I have long been interested in using recycled parts (notably from a treadmill, which can be found at any dump) to easily create a generator. This generator could in turn by powered by a bike, or even by a turbine to capture wind power.
Treadmill motors are popular for small wind generators because they are rugged, widely available and inexpensive when purchased used. They are permanent magnet motors, which means they work as generators when turned and output direct current that can then be used to charge batteries. While these motors are typically rated at more than one horsepower, that rating is at several thousand rpm. Small wind generators typically turn at a maximum speed of several hundred rpm so that the output declines to 200 or 300 watts.
Find a suitable treadmill motor. Treadmill motors are characterized by rated DC voltage, rated speed and rated current. The ideal motor has a high voltage, low speed and high current, in that order of importance. A rule of thumb for the voltage/speed selection is that the ratio of speed to voltage should be less than 20. Divide the speed by the voltage. This is the motor speed that will generate 1V. For a ratio of 20, the motor will generate 15V at 300rpm. This is about the lower limit for battery charging, so ideally a lower ratio or a faster-turning wind turbine will be needed. Once the voltage has been calculated, the rated current times the voltage will give the power.
Decide on the physical arrangement of the wind generator. Treadmill motors are not weatherproof, so they are often placed inside PVC pipes for protection. Motor cooling must be ensured, and the wind turbine blades must be attached.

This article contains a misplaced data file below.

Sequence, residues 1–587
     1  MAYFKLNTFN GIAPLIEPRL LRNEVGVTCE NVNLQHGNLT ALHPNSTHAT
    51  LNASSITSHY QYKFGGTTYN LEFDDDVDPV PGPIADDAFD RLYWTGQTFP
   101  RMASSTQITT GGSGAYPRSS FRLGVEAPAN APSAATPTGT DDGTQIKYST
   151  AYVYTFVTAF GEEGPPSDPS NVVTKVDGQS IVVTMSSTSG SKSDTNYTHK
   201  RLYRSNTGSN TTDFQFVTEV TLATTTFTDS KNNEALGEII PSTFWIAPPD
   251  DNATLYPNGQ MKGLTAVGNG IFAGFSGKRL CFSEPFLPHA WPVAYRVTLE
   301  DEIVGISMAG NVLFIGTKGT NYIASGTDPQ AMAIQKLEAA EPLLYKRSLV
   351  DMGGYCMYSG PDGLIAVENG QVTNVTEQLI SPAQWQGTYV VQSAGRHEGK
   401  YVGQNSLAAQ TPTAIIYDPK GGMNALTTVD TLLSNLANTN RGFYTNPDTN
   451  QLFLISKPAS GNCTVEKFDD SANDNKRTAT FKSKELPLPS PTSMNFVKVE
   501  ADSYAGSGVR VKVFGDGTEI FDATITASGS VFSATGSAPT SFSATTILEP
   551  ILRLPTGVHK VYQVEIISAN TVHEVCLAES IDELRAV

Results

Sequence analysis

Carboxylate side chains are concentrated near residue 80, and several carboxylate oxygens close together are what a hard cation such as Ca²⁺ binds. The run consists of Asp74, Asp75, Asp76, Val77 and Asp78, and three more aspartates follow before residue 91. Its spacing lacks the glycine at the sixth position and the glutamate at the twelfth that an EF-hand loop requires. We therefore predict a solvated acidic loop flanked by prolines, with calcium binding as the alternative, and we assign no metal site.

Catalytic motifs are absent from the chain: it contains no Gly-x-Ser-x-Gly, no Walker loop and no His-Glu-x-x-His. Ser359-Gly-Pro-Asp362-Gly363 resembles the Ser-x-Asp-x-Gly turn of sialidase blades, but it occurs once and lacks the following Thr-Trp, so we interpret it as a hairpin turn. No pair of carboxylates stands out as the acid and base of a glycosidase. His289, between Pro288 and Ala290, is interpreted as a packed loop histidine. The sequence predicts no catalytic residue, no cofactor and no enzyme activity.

Some treadmill motors have a flywheel to which the turbine blades can be attached. Others have a threaded shaft, which will allow the mounting of a hub to which blades can be bolted. Some designers have used a saw blade mounted between two nuts on the shaft for this purpose.
Treadmill motors in wind generators spin far below their rated speed and therefore produce much less power than they could. To increase the speed of rotation, some designs use pulleys and belts. A large pulley mounted on a separate wind turbine shaft with a belt driving a small pulley on the treadmill motor shaft will greatly increase the speed of rotation of the motor. The speed increase is the same as the ratio of the diameters of the pulleys. A shaft with a 4-inch pulley will drive a shaft with a 1-inch pulley at four times the speed.
Connect the wind generator to the batteries. Treadmill motors generate DC at a voltage suitable for charging batteries. The power from the batteries can then be run through an inverter to power household lights and small loads. The system will also need a diode to prevent the batteries from running the wind turbine as a motor when there is no wind and as a means of dumping any excess power. One way to take care of these requirements is to install a voltage controller, which will regulate the voltage and protect the batteries from overloading. These small treadmill motor-based wind generators are good at charging batteries and running small loads, but they don't produce enough power to make it worthwhile to connect them to the grid.
I've seen -- but don't have handy at the moment -- related projects described: